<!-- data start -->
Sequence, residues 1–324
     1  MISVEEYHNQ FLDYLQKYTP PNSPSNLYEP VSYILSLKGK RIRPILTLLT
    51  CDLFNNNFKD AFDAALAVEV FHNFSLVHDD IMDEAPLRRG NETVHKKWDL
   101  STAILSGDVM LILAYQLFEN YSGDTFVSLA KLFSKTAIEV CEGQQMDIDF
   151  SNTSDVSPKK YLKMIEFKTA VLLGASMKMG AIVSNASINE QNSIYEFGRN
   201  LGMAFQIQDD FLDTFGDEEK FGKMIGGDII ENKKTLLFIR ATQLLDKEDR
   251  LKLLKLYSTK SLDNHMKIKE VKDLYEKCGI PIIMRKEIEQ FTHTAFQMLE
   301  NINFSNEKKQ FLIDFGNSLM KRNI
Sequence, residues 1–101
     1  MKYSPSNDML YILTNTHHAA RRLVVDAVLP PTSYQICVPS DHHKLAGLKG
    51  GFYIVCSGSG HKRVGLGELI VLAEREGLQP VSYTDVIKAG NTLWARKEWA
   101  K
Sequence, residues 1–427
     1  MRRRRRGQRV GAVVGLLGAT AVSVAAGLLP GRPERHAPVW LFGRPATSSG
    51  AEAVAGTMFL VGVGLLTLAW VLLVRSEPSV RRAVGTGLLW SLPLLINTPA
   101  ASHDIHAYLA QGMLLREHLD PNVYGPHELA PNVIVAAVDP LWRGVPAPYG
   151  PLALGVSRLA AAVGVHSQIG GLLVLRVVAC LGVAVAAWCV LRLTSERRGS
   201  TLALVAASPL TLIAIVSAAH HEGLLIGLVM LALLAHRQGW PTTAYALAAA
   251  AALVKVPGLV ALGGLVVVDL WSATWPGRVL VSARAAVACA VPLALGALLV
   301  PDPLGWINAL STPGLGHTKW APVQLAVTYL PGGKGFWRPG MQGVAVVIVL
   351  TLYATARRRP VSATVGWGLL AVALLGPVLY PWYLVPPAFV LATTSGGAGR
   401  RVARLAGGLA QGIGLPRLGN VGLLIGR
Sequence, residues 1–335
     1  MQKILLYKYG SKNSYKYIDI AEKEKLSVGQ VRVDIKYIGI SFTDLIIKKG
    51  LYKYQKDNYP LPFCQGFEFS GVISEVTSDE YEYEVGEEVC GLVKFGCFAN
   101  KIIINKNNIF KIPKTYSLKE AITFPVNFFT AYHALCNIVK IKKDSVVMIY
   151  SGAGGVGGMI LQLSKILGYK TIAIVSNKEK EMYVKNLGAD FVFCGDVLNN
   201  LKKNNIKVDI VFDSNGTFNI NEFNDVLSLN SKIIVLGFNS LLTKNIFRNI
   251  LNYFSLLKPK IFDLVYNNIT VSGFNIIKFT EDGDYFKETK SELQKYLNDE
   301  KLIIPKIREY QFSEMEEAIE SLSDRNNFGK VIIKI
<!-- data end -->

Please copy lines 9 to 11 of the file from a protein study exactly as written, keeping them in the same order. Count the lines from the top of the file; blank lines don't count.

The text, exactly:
Sequence, residues 1–101
     1  MKYSPSNDML YILTNTHHAA RRLVVDAVLP PTSYQICVPS DHHKLAGLKG
    51  GFYIVCSGSG HKRVGLGELI VLAEREGLQP VSYTDVIKAG NTLWARKEWA